Also important are other factors that may not show up in polling.  In the last provincial election, and the by-election that proceeded it, this riding went to the NDP.  Now the races and issues (and even the riding itself, now) are different, but what it does mean is die-hard NDP voters who might normally stay home because they think their party has no chance are emboldened and determined to come out and vote.  And that Freeman, a popular city councillor, has more name recognition on the ballot than, say, a Chagger or a Walsh.  The polls only ask about parties, not candidates.

Both the NDP and the Liberals have been making appeals to strategic voting, further muddying the waters.  And the NDP has been the most egregious here, honestly.  It’s a bit of a mess.

If you actually want to vote Liberal, that’s awesome.  I’d usually agree with you.  I actually prefer the Liberal economic plan and get really irritated by the populism of the NDP.  But C-51.

If you were thinking of maybe voting NDP, at least in Waterloo, I don’t think strategic voting is a good reason not to.  There are lots of other reasons why strategic voting’s bad for democracy, but here, now, I don’t think it even makes sense.

Proportional Representation

How to win Proportional Representation flyerWhile I know it won’t eliminate strategic voting, I do take heart that both the Liberals and NDP, who seemed destined to form the next government, barring a constitutional crisis, have promised to introduce some form of proportional representation before the next election.  And, from my perspective, it can’t come soon enough.

My friend Paul is giving a talk with Fair Vote Canada about proportional representation, hoping to capitalize on the disappointment and disenfranchisement that inevitably follows a First Past the Post election.  Come out to St John’s Kitchen on October 28th.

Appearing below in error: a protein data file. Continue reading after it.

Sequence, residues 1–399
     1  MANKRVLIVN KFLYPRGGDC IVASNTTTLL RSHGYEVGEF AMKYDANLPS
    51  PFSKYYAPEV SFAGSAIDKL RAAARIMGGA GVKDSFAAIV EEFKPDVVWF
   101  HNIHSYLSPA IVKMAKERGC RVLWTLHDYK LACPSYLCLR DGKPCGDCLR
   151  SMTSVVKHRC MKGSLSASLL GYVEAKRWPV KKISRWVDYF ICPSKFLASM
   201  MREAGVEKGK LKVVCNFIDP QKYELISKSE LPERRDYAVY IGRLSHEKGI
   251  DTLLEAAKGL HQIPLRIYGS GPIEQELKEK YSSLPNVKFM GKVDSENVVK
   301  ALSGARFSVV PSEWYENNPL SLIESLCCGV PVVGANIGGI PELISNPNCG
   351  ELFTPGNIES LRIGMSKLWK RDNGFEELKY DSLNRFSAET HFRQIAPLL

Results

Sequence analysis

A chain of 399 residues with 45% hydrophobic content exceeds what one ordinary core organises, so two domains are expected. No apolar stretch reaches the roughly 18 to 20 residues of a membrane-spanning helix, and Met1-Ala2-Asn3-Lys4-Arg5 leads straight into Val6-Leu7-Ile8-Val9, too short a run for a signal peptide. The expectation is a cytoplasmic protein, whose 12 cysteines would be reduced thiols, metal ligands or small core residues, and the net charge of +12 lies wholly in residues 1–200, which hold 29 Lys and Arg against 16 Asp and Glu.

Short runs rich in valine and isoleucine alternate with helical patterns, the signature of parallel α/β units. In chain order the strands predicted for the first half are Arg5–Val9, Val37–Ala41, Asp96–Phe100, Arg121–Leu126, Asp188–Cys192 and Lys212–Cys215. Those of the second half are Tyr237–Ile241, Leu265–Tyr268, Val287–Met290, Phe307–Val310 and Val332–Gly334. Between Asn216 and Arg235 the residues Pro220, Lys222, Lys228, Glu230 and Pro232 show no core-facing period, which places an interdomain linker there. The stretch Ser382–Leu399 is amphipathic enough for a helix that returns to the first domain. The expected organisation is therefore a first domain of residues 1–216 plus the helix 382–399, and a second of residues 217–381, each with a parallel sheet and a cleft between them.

#elxn42

So there’s an election Monday.  Let’s get this over with first:

This blog endorses Diane Freeman for the riding of Waterloo.

I’m making this endorsement for two reasons.  One, I honestly think she’s the best candidate for the job.  And two, C-51.

Also the TPP, which has come along recently, but that only helped reaffirm my decision to vote NDP this time around.  We’ll get back to that.

C-51

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C-51 is a travesty of a law, enshrining secret trials and creating secret police, eviscerating any remaining Internet privacy protection.  It needs to be repealed.  It can’t just be amended, slapping on a little bit of oversight.  It furthers the Conservatives’ agenda to criminalize dissent and flies in the face of our Constitution and Charter of Rights and Freedoms.

It cynically exploits the murder of a Canadian soldier to strip Canadians of the rights that our soldiers supposedly died for. Soldiers that Harper so dearly loves to talk about. Soldiers Nathan Cirillo was standing guard over.

It makes me so fucking angry.

I’m appalled that the Liberals supported this bill and even more shocked that they’d choose to defend it in this election campaign.  For that reason alone, I can’t vote Liberal this time around. Strategic voting be damned.

Two parties have pledged to repeal C-51: the NDP and the Greens.  So those are my choices.

More background reading about C-51:

Continue reading #elxn42